The controversy surrounding the New York Public Library's Central Library Plan has recently gained steam. What is most important is that the plan receives the educated public debate it deserves -- debate that has scarcely yet occurred.
Ten years from now will our children or grandchildren even know what a bookstore was? I live on Long Island, and we no longer have a major chain bookstore within ten miles of our home. I'm talking about Long Island, a highly populated are, not somewhere in the middle of nowhere.
Find a librarian at SXSW Interactive -- there are going to be a lot us there. Your perceptions and expectations of the profession will be challenged. There is a good chance that the librarian you meet will be much cooler than you expect.
If you spend five minutes peeking into the world of children's books and librarians, you are bound to find yourself on Betsy Bird's blog. The youth materials specialist for New York Public Library is a powerhouse and defies any librarian stereotypes you might have.
It's the weight of the book that calms me, the feel of the paper under my fingertips as I turn the page that grabs me. This pleasure is sharpened by understanding that what I love at this moment has only been loaned to me. I can possess it fully, but temporarily.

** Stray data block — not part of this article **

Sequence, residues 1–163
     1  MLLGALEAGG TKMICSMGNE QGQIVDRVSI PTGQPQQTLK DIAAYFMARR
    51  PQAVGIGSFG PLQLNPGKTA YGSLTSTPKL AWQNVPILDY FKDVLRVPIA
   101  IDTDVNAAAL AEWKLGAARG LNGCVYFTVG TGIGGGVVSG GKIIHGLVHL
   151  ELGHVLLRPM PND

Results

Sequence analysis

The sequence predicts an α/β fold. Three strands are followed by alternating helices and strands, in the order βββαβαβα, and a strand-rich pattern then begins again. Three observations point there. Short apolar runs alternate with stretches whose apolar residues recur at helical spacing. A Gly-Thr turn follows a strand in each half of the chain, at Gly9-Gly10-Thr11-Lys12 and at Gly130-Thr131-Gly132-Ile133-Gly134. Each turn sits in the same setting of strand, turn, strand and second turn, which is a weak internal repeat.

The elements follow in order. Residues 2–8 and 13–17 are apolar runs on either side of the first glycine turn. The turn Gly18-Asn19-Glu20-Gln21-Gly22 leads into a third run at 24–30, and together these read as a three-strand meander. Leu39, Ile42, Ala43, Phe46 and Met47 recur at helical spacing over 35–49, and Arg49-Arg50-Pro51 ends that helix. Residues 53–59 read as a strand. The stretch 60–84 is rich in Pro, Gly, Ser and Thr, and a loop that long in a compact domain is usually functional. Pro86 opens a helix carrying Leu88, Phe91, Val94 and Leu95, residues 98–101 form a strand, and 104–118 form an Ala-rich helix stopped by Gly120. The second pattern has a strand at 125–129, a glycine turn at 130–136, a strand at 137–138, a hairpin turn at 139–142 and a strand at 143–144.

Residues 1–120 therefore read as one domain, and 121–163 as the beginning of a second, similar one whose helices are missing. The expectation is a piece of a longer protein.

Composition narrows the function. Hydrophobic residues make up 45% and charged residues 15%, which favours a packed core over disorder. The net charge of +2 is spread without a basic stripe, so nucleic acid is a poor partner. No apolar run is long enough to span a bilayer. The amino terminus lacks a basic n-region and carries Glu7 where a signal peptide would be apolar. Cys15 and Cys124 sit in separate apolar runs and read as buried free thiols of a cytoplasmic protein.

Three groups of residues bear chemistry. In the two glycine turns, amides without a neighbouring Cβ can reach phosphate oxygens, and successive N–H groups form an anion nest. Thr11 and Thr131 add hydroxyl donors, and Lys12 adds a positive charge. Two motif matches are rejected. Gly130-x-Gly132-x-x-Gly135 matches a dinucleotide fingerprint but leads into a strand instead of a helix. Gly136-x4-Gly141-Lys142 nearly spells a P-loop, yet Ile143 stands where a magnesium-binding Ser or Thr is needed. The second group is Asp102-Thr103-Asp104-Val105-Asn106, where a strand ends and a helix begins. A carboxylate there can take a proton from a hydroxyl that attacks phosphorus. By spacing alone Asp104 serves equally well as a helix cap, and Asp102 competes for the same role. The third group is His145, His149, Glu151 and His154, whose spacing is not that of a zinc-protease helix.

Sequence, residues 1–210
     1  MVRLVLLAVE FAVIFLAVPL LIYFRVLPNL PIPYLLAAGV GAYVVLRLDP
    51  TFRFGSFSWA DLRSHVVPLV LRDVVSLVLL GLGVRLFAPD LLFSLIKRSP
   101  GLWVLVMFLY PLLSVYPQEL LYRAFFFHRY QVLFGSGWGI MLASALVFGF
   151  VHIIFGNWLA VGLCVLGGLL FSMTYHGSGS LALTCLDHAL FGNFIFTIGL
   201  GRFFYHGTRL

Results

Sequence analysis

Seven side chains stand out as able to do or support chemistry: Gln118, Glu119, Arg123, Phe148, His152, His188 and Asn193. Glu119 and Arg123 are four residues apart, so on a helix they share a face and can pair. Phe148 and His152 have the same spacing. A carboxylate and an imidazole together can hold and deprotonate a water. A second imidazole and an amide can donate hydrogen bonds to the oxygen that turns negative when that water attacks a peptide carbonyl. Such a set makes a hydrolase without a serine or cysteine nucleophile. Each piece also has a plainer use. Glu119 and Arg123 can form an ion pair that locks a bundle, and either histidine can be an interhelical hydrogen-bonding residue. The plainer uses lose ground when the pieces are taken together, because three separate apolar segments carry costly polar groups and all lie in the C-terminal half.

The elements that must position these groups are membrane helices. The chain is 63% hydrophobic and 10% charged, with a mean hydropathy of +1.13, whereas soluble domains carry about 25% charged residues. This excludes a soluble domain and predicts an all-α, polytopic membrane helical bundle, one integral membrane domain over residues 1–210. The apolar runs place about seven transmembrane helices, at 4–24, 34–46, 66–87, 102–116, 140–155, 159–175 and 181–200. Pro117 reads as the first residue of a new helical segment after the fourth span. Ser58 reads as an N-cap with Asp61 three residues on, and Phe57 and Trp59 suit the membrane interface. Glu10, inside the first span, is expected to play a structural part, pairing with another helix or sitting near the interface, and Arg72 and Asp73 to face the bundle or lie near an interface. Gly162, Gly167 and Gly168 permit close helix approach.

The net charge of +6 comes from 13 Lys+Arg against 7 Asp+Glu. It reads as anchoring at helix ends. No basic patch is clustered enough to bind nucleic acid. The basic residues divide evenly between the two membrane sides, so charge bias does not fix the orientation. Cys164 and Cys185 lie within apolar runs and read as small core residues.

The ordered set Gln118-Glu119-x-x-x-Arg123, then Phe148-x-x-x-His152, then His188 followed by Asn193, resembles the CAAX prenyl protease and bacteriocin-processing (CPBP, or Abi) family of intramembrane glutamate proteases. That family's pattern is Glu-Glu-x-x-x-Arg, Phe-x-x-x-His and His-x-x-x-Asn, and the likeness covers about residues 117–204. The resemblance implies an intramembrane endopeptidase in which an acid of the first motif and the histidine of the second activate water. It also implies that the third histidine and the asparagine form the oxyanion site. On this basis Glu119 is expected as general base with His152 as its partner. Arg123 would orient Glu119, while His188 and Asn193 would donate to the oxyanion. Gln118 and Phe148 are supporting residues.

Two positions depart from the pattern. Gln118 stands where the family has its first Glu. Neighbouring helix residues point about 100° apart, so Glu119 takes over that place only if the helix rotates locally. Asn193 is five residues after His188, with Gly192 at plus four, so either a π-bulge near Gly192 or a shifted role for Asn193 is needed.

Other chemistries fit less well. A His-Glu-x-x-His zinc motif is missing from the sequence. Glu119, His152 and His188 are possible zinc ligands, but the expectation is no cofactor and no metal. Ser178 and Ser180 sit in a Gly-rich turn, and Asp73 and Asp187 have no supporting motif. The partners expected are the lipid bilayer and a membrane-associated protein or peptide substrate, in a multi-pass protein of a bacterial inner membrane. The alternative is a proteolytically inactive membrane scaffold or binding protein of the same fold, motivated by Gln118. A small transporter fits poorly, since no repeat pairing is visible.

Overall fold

There is no doubt that technology has had a lasting impact on libraries. Once thought to be going the way of traditional bookstores, libraries have rebounded and are thriving in a technology fueled world.
As spoken by the native people of Hawai'i, to be "pono" is to be in balance, to do what is right from your mana'o, the gut or deep awareness of true self. This concept has been practiced by Hawai'ians throughout their ancient culture.
I believe we should require that each student enter the library and leave with something in return. Perhaps a book or periodical or journal is checked out -- other times students come and go with only their notebooks and backpacks.
The conservator can talk about the nuts and bolts while I try and figure out what was going on in the artist's head and eye. In this case, what did Homer see, how did he chose to paint it, why that and how did he execute it.
Some people feel obligated to finish reading every book they start. Once they pick up a book, even if it's hundreds of pages long and makes them want to scream with boredom, they will reach that last page if it kills them. I am not one of those people.
It is a reward for a child's work, a distraction to keep them out from under foot, a spot to find quiet amidst holiday chaos, and an alternative to TV as a way to sleep off the feast. It works to this day. I invite you to join in my family's tradition. Give your loved ones a book at Thanksgiving.
Want to hang out with a bunch of really smart people? Spend a day at a convention of school librarians. That's what I did on Friday, November 15 in Hartford, Connecticut at the biannual convention of the American Association of School Librarians.